I placed an ad on Craigslist NYC for a “backpack designer”, and a couple called the Wookey’s in Montana replied with a link to their website and a “we can do that.” They had recently set up a design studio after working in manufacturing forever, and were scouring to pay the bills as start-ups must. We emailed and then skyped and I hired them to build what was, at that point, napkin sketches of a bag not yet named GR1. For pattern work, six hand-built prototypes, and suffering through my ignorance of manufacturing, I would owe them a few thousand bucks. It was a steal that would probably cost 15-20x that, now.
The better news for me was that it was something to do. I had recently gotten out of Special Forces. Which made me a civilian, but I was living on my buddy’s couch in New York City with all my deployment gear. As if still on deployment.
I felt ridiculous wearing my assault packs around town, with Iraqi dirt in them no less (that stuff never comes out). I quietly planned to go back to war after going back to school, but America was home again and I was here indefinitely. I had already traded my fatigues in for blue jeans, and I looked for other bags, more civilian friendly if you will, but the ones I saw seemed soft and weak. As if ready for a runway, but not the grind of daily life.
Such began the long journey of building a bridge between the military and civilian worlds into GR1. The hopes for which became nice and lofty, but there were real decisions to be made over the next two+ years for it to become a reality.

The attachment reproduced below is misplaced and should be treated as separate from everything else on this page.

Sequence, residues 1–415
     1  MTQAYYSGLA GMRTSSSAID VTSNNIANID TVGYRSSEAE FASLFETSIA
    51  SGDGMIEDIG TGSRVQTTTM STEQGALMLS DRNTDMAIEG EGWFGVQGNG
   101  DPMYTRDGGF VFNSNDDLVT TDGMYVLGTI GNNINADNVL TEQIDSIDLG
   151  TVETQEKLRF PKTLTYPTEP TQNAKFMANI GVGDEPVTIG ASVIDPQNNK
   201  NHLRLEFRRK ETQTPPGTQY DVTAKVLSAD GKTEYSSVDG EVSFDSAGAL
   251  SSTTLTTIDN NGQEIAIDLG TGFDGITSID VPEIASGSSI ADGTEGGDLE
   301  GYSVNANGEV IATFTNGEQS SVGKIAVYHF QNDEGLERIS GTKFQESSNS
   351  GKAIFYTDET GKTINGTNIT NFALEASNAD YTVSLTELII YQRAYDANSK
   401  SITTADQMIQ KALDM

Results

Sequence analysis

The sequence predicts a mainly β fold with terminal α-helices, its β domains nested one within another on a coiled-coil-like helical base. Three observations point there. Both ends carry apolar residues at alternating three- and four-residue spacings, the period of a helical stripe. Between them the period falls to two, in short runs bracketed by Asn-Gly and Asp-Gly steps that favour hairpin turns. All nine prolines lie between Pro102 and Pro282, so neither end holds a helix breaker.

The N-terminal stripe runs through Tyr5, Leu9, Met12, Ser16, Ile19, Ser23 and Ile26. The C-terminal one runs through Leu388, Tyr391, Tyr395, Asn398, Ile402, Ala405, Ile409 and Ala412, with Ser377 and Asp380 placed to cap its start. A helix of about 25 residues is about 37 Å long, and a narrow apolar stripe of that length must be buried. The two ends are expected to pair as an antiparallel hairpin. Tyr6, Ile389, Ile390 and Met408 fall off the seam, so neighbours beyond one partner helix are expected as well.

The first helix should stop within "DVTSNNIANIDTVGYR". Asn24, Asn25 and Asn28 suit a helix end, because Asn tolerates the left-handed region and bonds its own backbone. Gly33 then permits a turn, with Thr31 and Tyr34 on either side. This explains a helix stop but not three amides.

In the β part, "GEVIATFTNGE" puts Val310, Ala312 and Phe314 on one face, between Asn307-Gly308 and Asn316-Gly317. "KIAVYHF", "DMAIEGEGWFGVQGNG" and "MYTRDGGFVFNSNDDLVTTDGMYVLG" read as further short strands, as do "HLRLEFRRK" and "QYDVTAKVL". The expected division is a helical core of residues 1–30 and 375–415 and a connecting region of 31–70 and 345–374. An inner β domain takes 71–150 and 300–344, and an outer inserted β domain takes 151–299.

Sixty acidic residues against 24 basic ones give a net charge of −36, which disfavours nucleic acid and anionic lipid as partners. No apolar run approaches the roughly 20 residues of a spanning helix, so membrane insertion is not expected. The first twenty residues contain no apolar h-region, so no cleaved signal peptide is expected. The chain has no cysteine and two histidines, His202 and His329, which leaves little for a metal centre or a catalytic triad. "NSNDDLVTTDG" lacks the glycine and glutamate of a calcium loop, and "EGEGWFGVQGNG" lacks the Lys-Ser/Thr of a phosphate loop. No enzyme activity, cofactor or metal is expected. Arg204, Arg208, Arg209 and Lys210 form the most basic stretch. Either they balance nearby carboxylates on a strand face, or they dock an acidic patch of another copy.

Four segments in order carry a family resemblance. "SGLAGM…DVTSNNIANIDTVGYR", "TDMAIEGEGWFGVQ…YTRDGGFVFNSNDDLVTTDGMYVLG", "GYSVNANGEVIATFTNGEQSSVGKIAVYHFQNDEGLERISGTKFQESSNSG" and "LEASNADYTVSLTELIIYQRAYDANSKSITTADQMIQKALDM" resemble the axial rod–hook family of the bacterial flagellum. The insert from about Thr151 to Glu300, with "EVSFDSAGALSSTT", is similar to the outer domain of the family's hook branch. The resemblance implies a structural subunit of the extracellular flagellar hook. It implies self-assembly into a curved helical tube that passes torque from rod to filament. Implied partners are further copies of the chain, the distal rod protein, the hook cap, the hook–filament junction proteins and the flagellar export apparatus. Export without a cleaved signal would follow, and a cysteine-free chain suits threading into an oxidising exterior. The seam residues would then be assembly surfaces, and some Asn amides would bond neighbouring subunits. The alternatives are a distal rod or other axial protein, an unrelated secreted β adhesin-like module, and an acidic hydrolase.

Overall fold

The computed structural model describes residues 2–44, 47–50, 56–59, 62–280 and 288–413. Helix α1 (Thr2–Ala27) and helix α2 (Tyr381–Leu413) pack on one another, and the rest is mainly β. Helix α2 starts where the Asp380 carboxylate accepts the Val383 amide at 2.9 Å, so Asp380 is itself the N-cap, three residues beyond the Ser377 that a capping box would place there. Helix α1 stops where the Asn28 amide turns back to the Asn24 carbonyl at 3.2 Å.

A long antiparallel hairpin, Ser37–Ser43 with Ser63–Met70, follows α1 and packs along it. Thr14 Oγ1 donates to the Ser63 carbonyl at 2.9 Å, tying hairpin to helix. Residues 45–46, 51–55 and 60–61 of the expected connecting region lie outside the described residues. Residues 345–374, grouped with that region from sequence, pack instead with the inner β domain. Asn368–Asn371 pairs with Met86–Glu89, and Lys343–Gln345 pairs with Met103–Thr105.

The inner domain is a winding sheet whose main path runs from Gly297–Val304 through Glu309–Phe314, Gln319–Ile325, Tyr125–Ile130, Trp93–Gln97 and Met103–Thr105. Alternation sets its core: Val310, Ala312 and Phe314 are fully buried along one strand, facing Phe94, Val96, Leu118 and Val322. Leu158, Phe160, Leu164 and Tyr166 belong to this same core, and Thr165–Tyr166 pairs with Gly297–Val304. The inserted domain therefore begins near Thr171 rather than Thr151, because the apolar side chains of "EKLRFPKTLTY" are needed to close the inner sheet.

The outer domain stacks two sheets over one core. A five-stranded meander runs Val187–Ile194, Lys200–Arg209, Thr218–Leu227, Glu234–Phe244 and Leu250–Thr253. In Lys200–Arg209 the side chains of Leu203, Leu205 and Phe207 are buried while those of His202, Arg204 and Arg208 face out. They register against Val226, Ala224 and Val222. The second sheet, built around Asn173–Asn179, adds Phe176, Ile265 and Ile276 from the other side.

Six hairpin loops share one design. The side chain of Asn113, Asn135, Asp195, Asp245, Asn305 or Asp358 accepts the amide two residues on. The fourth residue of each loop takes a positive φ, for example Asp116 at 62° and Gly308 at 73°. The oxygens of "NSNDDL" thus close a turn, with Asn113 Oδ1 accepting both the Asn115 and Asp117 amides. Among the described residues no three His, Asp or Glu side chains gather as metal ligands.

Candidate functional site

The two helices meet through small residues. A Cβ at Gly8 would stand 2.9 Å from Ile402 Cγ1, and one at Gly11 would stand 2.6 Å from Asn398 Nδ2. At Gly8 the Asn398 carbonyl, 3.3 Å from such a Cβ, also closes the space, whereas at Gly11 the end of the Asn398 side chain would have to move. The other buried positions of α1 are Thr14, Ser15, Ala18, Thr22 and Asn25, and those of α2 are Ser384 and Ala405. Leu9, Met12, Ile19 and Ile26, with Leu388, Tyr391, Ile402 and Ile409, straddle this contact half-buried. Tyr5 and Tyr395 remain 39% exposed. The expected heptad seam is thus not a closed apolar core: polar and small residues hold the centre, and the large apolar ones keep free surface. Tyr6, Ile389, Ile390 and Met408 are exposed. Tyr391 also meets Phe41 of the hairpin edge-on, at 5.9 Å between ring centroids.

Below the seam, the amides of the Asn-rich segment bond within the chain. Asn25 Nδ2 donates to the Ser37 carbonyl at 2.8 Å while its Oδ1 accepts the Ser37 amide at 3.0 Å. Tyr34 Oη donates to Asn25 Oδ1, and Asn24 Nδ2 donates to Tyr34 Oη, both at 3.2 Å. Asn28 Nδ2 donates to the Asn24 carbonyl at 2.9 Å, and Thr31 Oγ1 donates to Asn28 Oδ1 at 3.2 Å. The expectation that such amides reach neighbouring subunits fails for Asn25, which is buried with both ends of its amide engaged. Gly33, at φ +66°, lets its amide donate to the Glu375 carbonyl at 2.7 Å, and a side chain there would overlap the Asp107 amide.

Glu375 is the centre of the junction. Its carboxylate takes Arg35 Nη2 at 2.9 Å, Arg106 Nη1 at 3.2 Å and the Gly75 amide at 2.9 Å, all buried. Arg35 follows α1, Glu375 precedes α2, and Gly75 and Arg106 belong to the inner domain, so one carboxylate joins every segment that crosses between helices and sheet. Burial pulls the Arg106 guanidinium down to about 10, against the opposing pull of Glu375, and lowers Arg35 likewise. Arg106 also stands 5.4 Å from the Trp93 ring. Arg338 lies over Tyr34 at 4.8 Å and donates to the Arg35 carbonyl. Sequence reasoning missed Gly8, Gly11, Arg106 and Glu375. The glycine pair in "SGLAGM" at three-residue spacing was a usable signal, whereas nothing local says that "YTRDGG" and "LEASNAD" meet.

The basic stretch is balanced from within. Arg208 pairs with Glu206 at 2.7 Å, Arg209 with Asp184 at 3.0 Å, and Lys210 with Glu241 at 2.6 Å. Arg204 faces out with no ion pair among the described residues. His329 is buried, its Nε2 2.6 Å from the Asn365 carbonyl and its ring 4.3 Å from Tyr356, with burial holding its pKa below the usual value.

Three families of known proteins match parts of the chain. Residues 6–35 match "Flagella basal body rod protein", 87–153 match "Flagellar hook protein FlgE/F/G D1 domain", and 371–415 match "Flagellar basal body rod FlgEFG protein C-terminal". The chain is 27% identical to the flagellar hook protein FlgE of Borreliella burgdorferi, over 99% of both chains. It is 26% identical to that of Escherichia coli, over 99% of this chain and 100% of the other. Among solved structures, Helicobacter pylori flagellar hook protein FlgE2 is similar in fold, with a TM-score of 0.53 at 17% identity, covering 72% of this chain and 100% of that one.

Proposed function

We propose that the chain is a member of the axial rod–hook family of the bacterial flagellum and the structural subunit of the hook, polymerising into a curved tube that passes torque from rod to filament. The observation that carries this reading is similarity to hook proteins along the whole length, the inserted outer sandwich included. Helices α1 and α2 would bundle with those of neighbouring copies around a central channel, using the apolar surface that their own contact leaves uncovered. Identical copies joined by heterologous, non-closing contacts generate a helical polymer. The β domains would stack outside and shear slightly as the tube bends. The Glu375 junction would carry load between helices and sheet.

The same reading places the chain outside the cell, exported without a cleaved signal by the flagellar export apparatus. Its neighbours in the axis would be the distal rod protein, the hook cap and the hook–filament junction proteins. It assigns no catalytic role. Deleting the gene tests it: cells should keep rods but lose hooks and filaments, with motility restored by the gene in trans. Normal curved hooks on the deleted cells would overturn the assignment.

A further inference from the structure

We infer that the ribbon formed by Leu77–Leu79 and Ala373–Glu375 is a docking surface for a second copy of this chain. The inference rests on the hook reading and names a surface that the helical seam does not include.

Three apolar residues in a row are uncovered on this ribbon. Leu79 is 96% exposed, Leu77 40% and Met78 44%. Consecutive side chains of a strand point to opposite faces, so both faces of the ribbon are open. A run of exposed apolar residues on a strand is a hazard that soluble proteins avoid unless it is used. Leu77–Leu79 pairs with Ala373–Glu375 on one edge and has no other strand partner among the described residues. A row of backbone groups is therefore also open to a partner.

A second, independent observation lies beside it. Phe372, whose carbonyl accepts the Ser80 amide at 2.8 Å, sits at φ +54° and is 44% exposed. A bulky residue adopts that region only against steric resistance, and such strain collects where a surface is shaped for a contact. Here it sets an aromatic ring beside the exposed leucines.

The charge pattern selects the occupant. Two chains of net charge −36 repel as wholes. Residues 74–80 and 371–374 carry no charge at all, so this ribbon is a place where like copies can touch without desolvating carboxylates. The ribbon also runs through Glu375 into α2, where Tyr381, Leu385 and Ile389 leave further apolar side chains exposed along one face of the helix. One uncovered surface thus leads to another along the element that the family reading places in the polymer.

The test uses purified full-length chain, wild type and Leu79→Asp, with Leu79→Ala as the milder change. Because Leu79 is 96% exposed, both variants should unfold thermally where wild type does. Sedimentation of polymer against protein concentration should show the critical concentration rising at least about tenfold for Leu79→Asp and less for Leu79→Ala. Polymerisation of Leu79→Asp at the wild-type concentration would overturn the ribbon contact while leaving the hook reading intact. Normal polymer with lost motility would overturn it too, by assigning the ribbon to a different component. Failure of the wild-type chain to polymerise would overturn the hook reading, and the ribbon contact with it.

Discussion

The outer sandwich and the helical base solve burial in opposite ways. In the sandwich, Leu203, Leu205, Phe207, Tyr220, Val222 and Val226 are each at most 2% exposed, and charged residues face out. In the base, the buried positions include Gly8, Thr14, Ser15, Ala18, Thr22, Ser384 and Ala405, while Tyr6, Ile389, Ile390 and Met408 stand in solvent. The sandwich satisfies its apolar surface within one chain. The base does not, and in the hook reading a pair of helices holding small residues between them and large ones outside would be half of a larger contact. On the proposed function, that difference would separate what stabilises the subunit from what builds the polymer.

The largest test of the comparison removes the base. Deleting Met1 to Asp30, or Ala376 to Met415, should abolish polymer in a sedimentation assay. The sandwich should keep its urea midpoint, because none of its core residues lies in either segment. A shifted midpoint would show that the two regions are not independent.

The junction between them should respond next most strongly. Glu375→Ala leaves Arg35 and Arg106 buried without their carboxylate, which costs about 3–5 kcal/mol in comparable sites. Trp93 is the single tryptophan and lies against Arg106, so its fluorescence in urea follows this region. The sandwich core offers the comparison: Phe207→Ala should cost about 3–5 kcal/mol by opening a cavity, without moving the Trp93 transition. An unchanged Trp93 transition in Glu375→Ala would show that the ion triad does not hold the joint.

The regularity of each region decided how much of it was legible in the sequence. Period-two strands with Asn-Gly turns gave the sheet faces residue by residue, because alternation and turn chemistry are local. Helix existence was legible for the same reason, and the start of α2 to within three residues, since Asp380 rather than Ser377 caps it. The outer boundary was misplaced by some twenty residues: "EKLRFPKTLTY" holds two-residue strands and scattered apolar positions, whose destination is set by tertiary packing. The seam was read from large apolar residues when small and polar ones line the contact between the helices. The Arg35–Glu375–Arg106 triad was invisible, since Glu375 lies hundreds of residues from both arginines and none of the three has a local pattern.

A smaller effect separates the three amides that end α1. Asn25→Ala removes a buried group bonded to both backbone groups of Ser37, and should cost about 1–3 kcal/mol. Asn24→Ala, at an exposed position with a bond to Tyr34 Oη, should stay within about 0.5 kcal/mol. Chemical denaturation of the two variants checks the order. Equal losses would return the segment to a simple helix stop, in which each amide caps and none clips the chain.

We tackled them one by one…
Less is more, more is lazy is our design philosophy. There’s been no shortage of creativity in how people have customized their GR1’s. Which is our goal, that you take GR1 and make it yours. No matter where you’re going.
So, a little bit of luck and a little bit of not knowing any other way, and GR1 became Baghdad meets New York City. We took the toughness of my Special Forces bags but lost the obvious I-was-in-the-military billboard plastered all over them. Inspired by the aesthetics of the City, we gave it a timeless beauty like the Stars and Stripes, Marilyn Monroe, a vintage Harley Davidson, and Monster. Yes, Monster is in good company, so is GR1 – that was always the goal. You gotta dream big in this lifetime.
GR1 is five and some change years old. We’ve scaled from shipping them out of my basement to ordering 15,000 at a time, and seeing them on adventures all over the world. I’ve made peace with not going back to war, with being a civilian. I’m a lot more comfortable at home in America now than I was in 2008, I’m proud of our non-profit work through Java Forever, and GR1 remains a piece of gear with uncompromising quality, now as always. My buddies still take it to war, cities the world over are no strangers to a simple black bag, comfortable in any and every environment.
And we still have a desire to change the world at GORUCK. To represent the best of American manufacturing, to honor our Special Forces roots, to build bridges, to give back to those we can never fully repay. But though ideas will always inspire us, the work to see their reality is long, and hard, and sometimes it starts with just a napkin sketch.
If you have a dream for something in this life, go for it and make it a reality. Ours proudly started with GR1.